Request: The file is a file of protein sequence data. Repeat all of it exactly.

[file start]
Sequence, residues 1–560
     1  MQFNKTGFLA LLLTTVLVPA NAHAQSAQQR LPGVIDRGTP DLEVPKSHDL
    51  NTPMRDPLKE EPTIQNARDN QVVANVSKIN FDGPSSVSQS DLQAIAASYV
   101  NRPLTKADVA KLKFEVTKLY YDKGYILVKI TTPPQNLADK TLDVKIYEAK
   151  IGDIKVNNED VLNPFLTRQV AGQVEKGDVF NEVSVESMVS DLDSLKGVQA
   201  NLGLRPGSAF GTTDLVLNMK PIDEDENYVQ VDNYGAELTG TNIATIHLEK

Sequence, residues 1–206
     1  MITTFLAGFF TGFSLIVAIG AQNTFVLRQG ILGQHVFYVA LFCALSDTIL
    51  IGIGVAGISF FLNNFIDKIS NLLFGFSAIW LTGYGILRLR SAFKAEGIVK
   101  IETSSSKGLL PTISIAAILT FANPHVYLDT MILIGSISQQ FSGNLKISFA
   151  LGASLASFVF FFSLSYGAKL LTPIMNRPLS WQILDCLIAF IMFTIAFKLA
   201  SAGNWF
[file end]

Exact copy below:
Sequence, residues 1–560
     1  MQFNKTGFLA LLLTTVLVPA NAHAQSAQQR LPGVIDRGTP DLEVPKSHDL
    51  NTPMRDPLKE EPTIQNARDN QVVANVSKIN FDGPSSVSQS DLQAIAASYV
   101  NRPLTKADVA KLKFEVTKLY YDKGYILVKI TTPPQNLADK TLDVKIYEAK
   151  IGDIKVNNED VLNPFLTRQV AGQVEKGDVF NEVSVESMVS DLDSLKGVQA
   201  NLGLRPGSAF GTTDLVLNMK PIDEDENYVQ VDNYGAELTG TNIATIHLEK

Sequence, residues 1–206
     1  MITTFLAGFF TGFSLIVAIG AQNTFVLRQG ILGQHVFYVA LFCALSDTIL
    51  IGIGVAGISF FLNNFIDKIS NLLFGFSAIW LTGYGILRLR SAFKAEGIVK
   101  IETSSSKGLL PTISIAAILT FANPHVYLDT MILIGSISQQ FSGNLKISFA
   151  LGASLASFVF FFSLSYGAKL LTPIMNRPLS WQILDCLIAF IMFTIAFKLA
   201  SAGNWF